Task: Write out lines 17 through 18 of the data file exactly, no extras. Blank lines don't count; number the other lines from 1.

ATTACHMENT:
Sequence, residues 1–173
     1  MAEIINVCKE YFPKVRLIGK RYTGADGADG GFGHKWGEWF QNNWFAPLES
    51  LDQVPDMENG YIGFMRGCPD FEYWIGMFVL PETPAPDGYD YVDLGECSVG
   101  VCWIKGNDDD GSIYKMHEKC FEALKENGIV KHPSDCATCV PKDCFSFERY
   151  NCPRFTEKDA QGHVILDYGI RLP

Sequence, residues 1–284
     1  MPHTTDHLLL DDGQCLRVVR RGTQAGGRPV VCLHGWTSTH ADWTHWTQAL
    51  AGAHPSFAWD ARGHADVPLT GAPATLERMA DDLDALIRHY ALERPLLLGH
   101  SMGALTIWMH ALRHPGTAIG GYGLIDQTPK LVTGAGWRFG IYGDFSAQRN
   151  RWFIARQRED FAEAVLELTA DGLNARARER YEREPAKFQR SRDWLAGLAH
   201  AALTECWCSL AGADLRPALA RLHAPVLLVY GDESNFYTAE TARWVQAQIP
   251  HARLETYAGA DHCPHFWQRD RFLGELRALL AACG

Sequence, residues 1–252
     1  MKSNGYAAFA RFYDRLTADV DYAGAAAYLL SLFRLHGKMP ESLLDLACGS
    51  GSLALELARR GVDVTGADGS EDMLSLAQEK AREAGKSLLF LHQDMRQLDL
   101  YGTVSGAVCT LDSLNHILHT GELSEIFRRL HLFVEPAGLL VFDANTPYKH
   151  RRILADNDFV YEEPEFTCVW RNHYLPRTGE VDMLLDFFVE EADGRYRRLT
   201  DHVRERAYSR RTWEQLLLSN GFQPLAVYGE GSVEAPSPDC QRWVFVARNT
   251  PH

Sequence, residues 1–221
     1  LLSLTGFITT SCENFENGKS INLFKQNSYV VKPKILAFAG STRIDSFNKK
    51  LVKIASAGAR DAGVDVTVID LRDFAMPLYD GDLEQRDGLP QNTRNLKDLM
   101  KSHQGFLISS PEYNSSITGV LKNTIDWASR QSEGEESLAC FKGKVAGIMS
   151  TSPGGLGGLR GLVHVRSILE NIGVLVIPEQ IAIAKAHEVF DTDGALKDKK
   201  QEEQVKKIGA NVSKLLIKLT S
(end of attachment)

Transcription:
   151  RRILADNDFV YEEPEFTCVW RNHYLPRTGE VDMLLDFFVE EADGRYRRLT
   201  DHVRERAYSR RTWEQLLLSN GFQPLAVYGE GSVEAPSPDC QRWVFVARNT